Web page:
Leveraging Rwanda’s 6th province for post-Covid-19 economic recovery

Covid-19 may be a “100-year storm” in terms of pandemics, but the probabilities of having to confront another consequential crisis (global or localized) while we are still in recovery is probable.

Let’s speak in no uncertain terms: Governments, and we as global citizens, are going to have to come to terms with a world in which disruptive events, like pandemics, recur.


As the race continues to find a lasting solution promised by a vaccine, we see wisdom in remembering that survival is not about strength or intelligence, but the ability to adapt.


Robust, resilient systems can even thrive in troubling times.


Rwanda’s recovery plan from the Genocide Against the Tutsi worked to strengthen its adaptive capacity. Now the Covid-19 pandemic acts as a litmus test for the country as it responds to global financial shocks. Governments will utilize many tools to resuscitate their economies, principally through stimulus measures and policy.

As Rwanda braces for a possible lag and change in Foreign Direct Investments (FDI), as well as dramatic shifts and disruptions in global supply chains, we envision Rwanda’s transformational recovery including a strengthened Partnership of Impact with its diaspora.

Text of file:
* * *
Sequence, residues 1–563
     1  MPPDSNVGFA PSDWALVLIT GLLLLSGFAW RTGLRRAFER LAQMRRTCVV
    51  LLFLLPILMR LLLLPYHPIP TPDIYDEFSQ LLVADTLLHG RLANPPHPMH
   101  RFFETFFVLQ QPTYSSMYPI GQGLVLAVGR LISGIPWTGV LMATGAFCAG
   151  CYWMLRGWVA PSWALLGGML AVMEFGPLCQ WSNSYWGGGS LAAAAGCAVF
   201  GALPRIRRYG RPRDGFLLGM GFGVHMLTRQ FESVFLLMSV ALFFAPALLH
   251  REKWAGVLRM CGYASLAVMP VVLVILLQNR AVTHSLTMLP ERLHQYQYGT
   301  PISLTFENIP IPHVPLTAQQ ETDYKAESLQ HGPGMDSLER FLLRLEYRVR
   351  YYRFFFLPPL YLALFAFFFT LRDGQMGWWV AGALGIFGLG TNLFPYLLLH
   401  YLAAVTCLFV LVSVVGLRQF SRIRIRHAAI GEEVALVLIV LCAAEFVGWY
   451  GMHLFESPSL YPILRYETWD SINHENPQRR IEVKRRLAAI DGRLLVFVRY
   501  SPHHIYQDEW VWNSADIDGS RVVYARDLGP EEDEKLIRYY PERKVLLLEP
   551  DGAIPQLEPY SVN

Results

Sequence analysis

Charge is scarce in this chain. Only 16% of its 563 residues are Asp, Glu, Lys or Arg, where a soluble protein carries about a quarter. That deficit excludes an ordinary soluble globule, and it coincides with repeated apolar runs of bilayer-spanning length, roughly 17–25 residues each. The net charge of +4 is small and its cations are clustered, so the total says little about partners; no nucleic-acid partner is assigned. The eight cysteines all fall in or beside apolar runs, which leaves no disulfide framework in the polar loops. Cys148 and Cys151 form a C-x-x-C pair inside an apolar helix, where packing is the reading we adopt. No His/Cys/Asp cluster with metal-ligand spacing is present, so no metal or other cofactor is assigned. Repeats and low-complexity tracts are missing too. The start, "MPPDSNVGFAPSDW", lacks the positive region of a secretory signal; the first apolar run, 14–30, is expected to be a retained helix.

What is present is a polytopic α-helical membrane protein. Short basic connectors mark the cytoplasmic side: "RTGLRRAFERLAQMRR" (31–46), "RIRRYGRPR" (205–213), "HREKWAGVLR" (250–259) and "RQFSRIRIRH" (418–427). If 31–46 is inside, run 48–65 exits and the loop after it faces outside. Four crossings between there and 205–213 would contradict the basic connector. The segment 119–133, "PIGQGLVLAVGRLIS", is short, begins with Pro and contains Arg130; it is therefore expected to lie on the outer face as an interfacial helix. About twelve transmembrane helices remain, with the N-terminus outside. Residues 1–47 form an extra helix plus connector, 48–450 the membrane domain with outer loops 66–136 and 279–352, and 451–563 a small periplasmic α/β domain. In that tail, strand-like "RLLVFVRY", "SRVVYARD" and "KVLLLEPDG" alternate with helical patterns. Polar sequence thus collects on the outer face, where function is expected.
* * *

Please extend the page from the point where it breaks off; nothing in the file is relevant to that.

If Rwanda seeks to bounce back relatively strongly, there are a wide range of possibilities. Though the implementation of AfCTA has been delayed, it should remain a domestic priority.

There are opportunities to build new regional supply chains, develop better working relationships with local suppliers, and increase access to markets.

Sectors can be restructured to take advantage of the breakdown in supply chains from foreign markets. Emerging innovations in agriculture could also pave the way for Rwanda to become a regional breadbasket.

Rwanda might capitalize on shifts in consumer behavior and attitudes about e-commerce. With a large informal workforce, lack of access to telecommuting and e-commerce tools are even more critical to address, creating the opportunity to gain momentum for #ConnectRwanda.